Community wide Wifi & Smart Meters
From: Sharon Villines (
Date: Mon, 27 Jan 2014 12:46:05 -0800 (PST)
On Jan 27, 2014, at 2:02 PM, Daniel Lindenberger <daniel [at]> 

> Our consensus process went off the rails the moment we stopped respectfully
> listening to each other, and started trying to convince each other why
> people weren't thinking clearly about the issue.

it's very difficult to listen to people respectfully for very long when you 
think they are crazy.

Why do people think the other side is crazy? Usually because each side is 
working with a different knowledge and experience base. Talking does help 
understand the other person's experience, but to sort out "facts", you need an 
expert. WIFI and Smart Meters are topics on which very few of us are experts.

Suggest agreeing to consult specific experts and asking the experts to reach an 
agreement on an effective way to move forward given the concerns of members. 
Show them the community and present the arguments on all sides.

I read a lot of second level reports on scientific research, meaning it is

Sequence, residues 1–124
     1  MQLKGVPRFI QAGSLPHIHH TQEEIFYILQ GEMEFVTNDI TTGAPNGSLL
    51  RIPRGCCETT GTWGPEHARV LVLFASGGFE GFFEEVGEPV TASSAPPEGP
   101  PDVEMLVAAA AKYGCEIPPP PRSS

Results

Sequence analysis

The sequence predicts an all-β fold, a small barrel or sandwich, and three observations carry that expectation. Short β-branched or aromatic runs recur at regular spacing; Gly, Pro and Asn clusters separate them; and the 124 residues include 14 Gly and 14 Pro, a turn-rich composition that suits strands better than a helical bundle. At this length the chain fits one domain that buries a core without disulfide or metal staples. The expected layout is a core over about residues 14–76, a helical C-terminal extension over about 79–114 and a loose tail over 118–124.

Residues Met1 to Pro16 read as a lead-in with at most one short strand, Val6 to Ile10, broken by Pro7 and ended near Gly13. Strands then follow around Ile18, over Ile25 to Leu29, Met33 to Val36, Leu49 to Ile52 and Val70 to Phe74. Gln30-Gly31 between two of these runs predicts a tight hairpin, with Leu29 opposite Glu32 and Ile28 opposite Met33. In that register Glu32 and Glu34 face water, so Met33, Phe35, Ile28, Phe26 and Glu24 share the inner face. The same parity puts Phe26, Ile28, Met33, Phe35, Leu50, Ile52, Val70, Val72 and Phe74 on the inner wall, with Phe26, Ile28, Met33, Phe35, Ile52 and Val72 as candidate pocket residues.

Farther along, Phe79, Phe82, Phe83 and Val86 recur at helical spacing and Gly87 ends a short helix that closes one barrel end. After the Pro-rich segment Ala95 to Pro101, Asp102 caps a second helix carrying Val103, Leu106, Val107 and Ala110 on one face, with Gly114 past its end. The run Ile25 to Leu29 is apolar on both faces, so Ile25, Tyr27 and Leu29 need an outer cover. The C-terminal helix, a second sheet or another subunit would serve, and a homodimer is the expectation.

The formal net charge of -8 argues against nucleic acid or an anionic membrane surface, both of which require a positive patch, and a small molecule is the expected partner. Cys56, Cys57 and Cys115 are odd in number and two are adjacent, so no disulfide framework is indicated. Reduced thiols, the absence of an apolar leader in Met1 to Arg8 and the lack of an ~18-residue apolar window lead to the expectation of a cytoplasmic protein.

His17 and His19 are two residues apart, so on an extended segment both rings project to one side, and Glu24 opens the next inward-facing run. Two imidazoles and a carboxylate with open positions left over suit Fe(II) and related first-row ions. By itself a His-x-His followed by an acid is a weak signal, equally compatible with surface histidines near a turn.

translated from jargon to texts designed for the well-informed reader. 
Invariably arguments I read in the popular press have been taken out of context 
of the original studies or extended to situations that have no basis. With 
Smart Meters many of the frightening stories are completely unverified. 

In the New Yorker one of the best features is the letters. Authors frequently 
note that specific data is taken out of context or the experts do not have the 
credentials they are cited as having.

One of our residents posted a very frightening article about some environmental 
concern. I looked up the authors -- neither had any credentials or job 
experience that qualified them to be writing on that topic, and they had 
published in a supposedly scientific journal without peer-review. Other 
articles in one of the author's resume's were on very bizarre topics -- not 
exactly alien abductions but close. The other person was one step above an 
administrative assistant. Neither seemed to have access to the kind labs that 
would have been necessary to conduct studies in their subject.

Where we get our information in these decisions affects how possible it is to 
make a decision.

Sharon Villines
Takoma Village Cohousing, Washington DC

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